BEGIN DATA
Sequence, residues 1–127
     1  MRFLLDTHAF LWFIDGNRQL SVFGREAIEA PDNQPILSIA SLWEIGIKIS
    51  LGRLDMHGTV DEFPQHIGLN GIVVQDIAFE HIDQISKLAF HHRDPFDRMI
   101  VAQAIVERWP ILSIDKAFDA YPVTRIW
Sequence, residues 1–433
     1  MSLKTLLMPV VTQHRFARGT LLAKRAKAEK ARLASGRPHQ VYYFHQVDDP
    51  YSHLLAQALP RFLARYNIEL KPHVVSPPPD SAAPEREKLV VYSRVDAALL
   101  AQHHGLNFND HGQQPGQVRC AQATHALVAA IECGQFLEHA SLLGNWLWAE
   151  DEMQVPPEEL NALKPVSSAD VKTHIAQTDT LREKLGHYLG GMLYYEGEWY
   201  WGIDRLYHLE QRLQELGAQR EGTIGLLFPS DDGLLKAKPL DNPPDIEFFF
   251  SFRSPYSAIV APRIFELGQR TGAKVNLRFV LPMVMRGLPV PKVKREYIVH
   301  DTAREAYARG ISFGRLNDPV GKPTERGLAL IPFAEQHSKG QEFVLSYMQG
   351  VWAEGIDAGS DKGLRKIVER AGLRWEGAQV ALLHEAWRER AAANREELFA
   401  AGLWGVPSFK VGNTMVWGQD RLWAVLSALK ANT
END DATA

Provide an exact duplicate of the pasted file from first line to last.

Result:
Sequence, residues 1–127
     1  MRFLLDTHAF LWFIDGNRQL SVFGREAIEA PDNQPILSIA SLWEIGIKIS
    51  LGRLDMHGTV DEFPQHIGLN GIVVQDIAFE HIDQISKLAF HHRDPFDRMI
   101  VAQAIVERWP ILSIDKAFDA YPVTRIW
Sequence, residues 1–433
     1  MSLKTLLMPV VTQHRFARGT LLAKRAKAEK ARLASGRPHQ VYYFHQVDDP
    51  YSHLLAQALP RFLARYNIEL KPHVVSPPPD SAAPEREKLV VYSRVDAALL
   101  AQHHGLNFND HGQQPGQVRC AQATHALVAA IECGQFLEHA SLLGNWLWAE
   151  DEMQVPPEEL NALKPVSSAD VKTHIAQTDT LREKLGHYLG GMLYYEGEWY
   201  WGIDRLYHLE QRLQELGAQR EGTIGLLFPS DDGLLKAKPL DNPPDIEFFF
   251  SFRSPYSAIV APRIFELGQR TGAKVNLRFV LPMVMRGLPV PKVKREYIVH
   301  DTAREAYARG ISFGRLNDPV GKPTERGLAL IPFAEQHSKG QEFVLSYMQG
   351  VWAEGIDAGS DKGLRKIVER AGLRWEGAQV ALLHEAWRER AAANREELFA
   401  AGLWGVPSFK VGNTMVWGQD RLWAVLSALK ANT